Have you ever looked at a painting or sculpture and wondered, “Why was this created?” or “When was this made?” Questions like these remind us that works of art can tell powerful stories about the time and place in which they were made. Art made in response to the American Civil War (1861–1865) is no exception. This website allows us to explore a wide range of images and objects that depict or relate to the war between the Union and the Confederacy—the most deadly war in the history of the United States. Though for many years historians agreed that approximately 620,000 men died in the Civil War, recent scholarship has challenged that consensus. Of the three million soldiers who fought in the conflict, historians now estimate the Civil War’s death toll at 752,000, a figure that emphasizes the staggering human cost of the Civil War. In large portions of the seceded states, homes, farms, and businesses were destroyed by military action. Alongside this massive devastation, however, came the end of slavery, through which four million African Americans escaped or were freed from bondage.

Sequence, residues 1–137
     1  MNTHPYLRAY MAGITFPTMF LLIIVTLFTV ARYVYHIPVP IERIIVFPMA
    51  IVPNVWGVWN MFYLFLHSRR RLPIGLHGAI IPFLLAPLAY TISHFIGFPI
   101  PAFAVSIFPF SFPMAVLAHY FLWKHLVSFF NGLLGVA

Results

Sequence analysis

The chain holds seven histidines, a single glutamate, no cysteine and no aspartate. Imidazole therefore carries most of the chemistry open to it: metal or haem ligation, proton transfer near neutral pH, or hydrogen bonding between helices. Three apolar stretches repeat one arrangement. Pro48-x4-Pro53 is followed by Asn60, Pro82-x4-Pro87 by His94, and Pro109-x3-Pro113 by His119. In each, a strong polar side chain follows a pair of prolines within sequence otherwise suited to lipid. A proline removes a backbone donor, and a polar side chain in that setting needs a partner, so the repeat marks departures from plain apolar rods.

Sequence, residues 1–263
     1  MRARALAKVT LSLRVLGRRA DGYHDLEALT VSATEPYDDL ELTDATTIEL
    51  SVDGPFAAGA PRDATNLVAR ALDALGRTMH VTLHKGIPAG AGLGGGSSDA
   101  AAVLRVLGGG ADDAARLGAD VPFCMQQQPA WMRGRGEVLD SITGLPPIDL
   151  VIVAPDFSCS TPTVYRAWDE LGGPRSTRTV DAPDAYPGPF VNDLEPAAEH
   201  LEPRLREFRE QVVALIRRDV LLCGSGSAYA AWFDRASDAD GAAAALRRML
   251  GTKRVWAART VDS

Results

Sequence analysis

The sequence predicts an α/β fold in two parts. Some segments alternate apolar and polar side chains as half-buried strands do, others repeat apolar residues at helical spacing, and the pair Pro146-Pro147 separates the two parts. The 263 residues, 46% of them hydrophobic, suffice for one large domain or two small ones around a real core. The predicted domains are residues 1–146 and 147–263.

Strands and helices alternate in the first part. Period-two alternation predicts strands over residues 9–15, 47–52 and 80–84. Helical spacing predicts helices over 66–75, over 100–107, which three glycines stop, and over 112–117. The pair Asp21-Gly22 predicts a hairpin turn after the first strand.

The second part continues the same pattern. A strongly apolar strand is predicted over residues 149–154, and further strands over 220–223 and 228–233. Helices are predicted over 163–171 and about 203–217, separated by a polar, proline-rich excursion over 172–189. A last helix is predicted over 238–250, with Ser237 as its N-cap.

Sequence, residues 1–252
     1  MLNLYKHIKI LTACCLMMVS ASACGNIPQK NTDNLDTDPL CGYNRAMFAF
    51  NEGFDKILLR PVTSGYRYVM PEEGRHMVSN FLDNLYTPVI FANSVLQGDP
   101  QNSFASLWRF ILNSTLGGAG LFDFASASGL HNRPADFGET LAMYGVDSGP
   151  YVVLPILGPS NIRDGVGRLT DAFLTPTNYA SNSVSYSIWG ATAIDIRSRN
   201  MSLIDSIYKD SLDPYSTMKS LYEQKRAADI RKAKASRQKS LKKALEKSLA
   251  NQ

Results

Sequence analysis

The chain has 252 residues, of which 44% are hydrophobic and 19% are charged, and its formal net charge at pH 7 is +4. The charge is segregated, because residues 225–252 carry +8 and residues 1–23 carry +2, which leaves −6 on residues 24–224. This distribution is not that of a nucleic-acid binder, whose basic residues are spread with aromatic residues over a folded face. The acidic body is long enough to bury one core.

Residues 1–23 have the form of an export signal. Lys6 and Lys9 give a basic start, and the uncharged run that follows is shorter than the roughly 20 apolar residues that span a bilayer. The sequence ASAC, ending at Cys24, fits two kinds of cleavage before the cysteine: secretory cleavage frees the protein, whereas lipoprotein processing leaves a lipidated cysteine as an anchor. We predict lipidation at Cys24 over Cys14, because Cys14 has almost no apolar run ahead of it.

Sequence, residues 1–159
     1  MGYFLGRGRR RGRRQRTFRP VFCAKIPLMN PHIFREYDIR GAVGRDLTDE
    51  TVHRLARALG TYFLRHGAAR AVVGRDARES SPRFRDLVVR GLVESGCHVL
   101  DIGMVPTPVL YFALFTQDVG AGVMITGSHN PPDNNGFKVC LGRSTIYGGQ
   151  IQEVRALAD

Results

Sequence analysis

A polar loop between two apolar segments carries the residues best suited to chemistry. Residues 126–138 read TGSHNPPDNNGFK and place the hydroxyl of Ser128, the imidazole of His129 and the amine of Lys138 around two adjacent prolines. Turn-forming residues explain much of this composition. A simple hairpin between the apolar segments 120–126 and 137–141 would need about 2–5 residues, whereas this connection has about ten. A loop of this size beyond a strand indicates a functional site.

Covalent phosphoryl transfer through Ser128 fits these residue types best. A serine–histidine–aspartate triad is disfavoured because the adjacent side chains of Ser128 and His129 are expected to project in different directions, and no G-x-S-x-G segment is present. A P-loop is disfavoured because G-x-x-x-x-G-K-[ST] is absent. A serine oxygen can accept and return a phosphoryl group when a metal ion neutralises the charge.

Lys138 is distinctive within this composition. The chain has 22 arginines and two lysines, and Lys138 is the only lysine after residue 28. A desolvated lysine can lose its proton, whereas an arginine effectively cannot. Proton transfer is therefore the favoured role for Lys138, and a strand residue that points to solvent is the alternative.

Artists tried to depict the war using a variety of artistic styles and diverse materials, from oil paint to bronze, and from photography to engravings. They also had many different motivations for creating works of art. Some worked to satisfy the demand from civilians for news from the battlefront, others to make a profit, and still others to comprehend the profound experiences and consequences of the war.
People living through the Civil War valued works of art as ways to understand the conflict, celebrate victories and heroes, and grieve their dead and losses. Today, as the works of art collected here show so movingly, these pieces continue to remind us of the power and significance of this momentous time in American history.